[13] He submitted that the court’s mentioning of his personal circumstances was merely lip service as such was not considered. He referred to Ashimbanga v State3:

For first offenders the length of the period of imprisonment has increased slowly but surely over the years from about six months to about two years, depending on the circumstances of each case. It is so that the trial court did not make any mention of the appellant’s personal circumstances when discussing sentence, but this does not mean that they were ignored.’

[14] The court in the Ashimbaga matter also stated the following:

The problem for the appellant is that escape from lawful custody usually attracts a custodial sentence because of the seriousness of the offence. The appellant agreed during argument that direct imprisonment was an appropriate form of sentence, but asked that the period be reduced to 6 months. In view of the sentences usually imposed for first offenders, this suggestion is way out of line with the norm.’

[15] ‘It is trite that a Court of Appeal may only interfere with a sentence if (i) the trial court misdirected itself on the facts or on the law; (ii) a material irregularity occurred during the sentencing proceedings (iii) the trial court failed to take into account material facts or over-emphasized the importance of the facts; or (iv) the sentence imposed is startlingly inappropriate, induces a sense of shock or there is a striking disparity between the sentence imposed by the trial court and that which the Court of Appeal would have imposed.

Respondent’s submissions

[16] Counsel for the respondent submitted that it is not whether the sentence imposed is wrong or right, but whether the discretion was correctly exercised. It was counsel’s submission that the court a quo took into account the triad principles of sentencing as reflected on page 18 of the record. Accordingly with sentencing the court considered the personal circumstances, seriousness of the offence convicted of and interest of society. These must be balanced to avoid over and or under emphasizing these principles.

[17] The learned magistrate considered the aggravating circumstances of the first appellant’s reasons for escaping. His intention was to bring in contraband products including drugs and cellphones knowing that such are prohibited items in such establishment. The second appellant gave a reason for his escape. That, however, did not justify the crime. His answer was that he knew that he was being held for a big case (murder) and would not get bail. Thus he decided to escape instead.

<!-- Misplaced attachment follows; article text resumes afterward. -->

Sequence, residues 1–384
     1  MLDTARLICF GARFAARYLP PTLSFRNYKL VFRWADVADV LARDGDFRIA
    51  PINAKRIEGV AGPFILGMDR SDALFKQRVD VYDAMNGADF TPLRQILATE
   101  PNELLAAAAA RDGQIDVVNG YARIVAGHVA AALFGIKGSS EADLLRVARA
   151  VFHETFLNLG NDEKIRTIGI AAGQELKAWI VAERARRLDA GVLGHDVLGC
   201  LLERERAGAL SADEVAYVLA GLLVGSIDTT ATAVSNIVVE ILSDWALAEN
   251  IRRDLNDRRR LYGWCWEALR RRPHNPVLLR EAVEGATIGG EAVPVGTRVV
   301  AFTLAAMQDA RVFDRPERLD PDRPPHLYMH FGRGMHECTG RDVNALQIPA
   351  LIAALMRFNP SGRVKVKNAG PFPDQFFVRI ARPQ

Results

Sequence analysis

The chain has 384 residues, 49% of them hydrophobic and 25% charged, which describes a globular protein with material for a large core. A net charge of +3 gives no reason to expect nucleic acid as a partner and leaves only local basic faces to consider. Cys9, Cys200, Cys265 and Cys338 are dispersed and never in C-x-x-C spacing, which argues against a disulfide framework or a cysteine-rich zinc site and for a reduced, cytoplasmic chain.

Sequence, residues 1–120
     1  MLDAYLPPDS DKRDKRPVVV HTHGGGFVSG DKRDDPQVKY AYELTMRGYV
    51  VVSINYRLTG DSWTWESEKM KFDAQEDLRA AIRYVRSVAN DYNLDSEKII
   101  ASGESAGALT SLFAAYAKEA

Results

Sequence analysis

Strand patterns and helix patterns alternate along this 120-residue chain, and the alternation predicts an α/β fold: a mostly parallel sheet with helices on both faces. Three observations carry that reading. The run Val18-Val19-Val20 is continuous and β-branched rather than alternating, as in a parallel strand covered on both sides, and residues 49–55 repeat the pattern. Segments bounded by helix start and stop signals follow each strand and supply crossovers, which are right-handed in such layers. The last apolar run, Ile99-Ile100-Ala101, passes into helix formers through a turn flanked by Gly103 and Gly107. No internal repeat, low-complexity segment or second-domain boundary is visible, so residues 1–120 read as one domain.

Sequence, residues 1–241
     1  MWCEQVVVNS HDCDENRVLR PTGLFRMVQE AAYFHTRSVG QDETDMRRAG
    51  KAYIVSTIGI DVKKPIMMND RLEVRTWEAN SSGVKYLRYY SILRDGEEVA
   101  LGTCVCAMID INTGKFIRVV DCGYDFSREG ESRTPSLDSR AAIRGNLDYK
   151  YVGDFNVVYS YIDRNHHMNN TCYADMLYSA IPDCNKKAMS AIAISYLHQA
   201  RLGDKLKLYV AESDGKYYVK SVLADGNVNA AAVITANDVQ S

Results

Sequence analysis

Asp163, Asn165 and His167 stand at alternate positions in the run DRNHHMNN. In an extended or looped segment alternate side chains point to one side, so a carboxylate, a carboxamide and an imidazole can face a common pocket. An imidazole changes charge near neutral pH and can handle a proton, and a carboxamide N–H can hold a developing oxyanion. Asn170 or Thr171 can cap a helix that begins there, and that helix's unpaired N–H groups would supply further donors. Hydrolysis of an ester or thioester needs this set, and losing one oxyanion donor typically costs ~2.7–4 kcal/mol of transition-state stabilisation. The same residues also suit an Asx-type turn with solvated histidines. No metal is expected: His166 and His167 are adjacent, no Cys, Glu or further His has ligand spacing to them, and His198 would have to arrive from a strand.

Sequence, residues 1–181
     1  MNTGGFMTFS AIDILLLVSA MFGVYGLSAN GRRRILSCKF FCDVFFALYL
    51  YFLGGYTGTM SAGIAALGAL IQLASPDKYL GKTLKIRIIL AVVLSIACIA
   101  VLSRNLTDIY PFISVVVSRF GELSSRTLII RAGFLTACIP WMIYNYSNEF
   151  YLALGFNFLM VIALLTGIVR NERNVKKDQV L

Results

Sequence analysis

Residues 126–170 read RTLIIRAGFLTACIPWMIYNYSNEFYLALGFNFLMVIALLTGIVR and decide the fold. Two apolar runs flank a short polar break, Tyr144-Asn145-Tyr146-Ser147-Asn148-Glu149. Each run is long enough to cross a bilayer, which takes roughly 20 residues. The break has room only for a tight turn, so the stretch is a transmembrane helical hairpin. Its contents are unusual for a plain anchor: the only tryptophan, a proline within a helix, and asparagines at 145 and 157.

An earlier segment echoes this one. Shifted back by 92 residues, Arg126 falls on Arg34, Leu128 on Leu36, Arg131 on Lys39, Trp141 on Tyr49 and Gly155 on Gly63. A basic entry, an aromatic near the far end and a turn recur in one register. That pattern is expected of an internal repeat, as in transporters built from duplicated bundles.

[18] In Goagoseb v S4 where that court referred to S v Rabie the following was held:

‘Punishment should fit the criminal as well as the crime, be fair to society and be blended with a measure of mercy according to the circumstance’.

[19] In Tomas v The State5 the court agreed with the sentiments of Ndauendapo J as set out in S v Kapuire 2015 (2) NR 394 (HC) at page 400 paragraph 17, regarding the approach of a court of appeal concerning sentences imposed in a lower courts.

That sentencing is pre-eminently a matter within the discretion of the court. The court of appeal will only interfere where the lower court (i) misdirected itself on the facts or on the law; (ii) if an irregularity, which was material, occurred during the sentencing proceedings; (iii) where the trial court failed to take into account material facts or overemphasized the importance of the other facts; (iv) if the sentence imposed is startlingly inappropriate, induces a sense of shock and there is a striking disparity between the sentence imposed by the trial court and that which would have been imposed by a court of appeal (S v Tjiho 1991 NR 361 (HC) (1992 (1) SACR 639) at 366A – B); (v) or that the sentence is totally out of proportion to the gravity or magnitude of the offence; (vi) or that it was in the interest of justice to alter it. (Director of Public Prosecutions, Kwazulu-Natal v P 2006 (3) SA 515 (SCA) (2006 (1) SACR 243; [2006] 1 All SA 446) in para 22.) A trial court's sentence would only be set aside on appeal if it appears that the trial court exercised its discretion in an improper or unreasonable manner (S v Pieters 1987 (3) SA 717 (A) at 727F – H).6